The Weekly Round-Up 02/19/2022
What you missed
It has been a great week. Getting outside and taking the time to read is critical for your self-development. So The Emergency Management Network is dedicated to bringing thought leaders and experts to one place. Over the last few weeks, we have brought on some great emergency management thought leaders that we know you will enjoy. Kelly McKinney, Sarah K. Miller, Dr. Rodric Bowman, Tobias Watson, and Amber Rushton are leading the way.
As we expand our network we decided to create this weekly round-up of the post on The Emergency Management Network’s Substack for your convenience.
Highlights Of The Week
Read “Are You Your Own Worst Enemy?” by Kelly McKinney
Kelly McKinney challenges us this week to think about why we are our own worst enemy. We need self-reflection for many reasons. We need to have a great solid strategy to improve who we are and what we do in our profession.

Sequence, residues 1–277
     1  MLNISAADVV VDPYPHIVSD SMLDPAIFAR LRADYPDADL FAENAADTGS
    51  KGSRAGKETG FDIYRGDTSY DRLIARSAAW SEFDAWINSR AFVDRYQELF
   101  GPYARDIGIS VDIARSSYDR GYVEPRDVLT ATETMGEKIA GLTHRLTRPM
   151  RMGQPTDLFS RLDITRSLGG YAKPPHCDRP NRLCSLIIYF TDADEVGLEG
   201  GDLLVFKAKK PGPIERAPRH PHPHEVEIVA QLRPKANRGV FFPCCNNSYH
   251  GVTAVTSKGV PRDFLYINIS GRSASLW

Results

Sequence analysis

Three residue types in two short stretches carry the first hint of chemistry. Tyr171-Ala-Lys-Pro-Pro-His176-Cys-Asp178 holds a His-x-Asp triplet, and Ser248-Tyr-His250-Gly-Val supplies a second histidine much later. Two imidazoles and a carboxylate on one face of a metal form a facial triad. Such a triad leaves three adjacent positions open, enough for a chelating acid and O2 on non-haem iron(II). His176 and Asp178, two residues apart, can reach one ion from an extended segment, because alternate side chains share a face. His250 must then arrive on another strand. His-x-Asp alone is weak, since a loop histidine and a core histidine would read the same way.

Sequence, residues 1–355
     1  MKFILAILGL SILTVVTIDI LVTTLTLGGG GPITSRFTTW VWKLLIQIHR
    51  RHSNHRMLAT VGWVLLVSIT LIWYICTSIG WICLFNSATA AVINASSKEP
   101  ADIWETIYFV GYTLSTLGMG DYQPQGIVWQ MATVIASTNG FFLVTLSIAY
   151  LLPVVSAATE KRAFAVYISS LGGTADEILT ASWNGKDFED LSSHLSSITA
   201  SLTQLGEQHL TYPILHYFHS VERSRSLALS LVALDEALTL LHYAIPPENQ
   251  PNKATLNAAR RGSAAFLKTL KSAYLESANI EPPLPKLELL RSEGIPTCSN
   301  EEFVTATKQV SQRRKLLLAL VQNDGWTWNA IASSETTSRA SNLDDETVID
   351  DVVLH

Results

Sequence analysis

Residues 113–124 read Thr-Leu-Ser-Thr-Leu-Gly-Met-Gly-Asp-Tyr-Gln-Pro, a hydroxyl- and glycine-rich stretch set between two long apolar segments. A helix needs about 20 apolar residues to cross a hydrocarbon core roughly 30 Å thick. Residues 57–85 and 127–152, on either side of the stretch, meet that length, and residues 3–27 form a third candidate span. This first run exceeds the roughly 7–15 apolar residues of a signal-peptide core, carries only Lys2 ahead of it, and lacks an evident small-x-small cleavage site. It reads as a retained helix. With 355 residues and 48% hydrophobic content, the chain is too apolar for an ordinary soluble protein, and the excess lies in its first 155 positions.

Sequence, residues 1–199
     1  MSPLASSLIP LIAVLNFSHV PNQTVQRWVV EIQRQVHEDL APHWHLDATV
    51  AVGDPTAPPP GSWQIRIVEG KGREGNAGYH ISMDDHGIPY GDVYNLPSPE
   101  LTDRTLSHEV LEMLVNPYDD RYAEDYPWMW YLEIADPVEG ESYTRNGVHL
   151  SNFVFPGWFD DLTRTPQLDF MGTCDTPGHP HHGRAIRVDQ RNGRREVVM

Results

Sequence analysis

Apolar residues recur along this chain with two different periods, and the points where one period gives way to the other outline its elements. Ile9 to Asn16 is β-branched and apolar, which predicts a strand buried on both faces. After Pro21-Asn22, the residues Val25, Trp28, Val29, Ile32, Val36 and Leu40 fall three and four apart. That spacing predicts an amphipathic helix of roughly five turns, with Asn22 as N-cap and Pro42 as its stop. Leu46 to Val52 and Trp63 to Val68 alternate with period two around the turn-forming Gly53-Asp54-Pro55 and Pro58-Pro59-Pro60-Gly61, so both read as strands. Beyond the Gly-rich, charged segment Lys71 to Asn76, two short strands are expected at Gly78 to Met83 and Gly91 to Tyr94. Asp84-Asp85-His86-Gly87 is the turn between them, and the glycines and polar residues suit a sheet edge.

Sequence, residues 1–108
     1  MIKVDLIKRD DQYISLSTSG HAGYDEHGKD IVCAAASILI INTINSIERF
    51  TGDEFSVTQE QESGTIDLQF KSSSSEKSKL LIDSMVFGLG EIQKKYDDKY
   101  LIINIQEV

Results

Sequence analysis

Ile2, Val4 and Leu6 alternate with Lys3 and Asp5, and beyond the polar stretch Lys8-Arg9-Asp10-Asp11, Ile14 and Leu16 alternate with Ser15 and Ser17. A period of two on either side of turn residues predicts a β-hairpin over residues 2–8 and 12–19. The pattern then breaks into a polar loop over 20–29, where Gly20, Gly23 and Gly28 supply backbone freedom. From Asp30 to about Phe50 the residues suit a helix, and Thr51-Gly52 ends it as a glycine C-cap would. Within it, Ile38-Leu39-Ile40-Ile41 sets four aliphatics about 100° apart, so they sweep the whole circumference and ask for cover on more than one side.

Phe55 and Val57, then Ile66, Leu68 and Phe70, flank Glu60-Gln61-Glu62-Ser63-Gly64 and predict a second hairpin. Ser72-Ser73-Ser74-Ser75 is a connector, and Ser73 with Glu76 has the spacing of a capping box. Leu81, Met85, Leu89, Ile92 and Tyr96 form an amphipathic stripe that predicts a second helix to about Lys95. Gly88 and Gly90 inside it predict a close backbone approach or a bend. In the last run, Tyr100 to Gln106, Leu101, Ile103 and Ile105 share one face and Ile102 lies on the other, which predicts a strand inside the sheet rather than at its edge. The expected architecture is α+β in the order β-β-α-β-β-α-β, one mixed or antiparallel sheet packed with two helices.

Read “Preparing for Infrastructure Compromise” by Sarah K. Miller
Sarah K. Miller dives deep into why we need to be thinking about infrastructure. There are many reasons why we need to have critical infrastructure on our minds as emergency managers. Are we active in cybersecurity? Do you have a plan? We all have seen the impacts of small attacks on the system. Are we ready for the “big one”?
Listen to “Harnessing Climate Change Data for Better Decision Making” With Dr. Adam Sobel
Todd De Voe hosted a conversation with Dr. Adam Sobel to discuss why emergency managers need to know more about climate change and how the harness climate change data for better decision making. This event is the first of the 2022 Leader’Speak webinar series brought to you by SpeaknSpark and The Emergency Management Network.
Signup today for our next webinar Where Will People Go? Climate-Induced Relocation-From Retreat to Migration. Climate-induced relocation scales from individual homeowner buyout to mass international migration and will only grow in importance on every scale. We will discuss the recent history of climate-induced relocation, similarities and differences of various terms, and the relevance of the movement of people to climate adaptation and disaster risk reduction.
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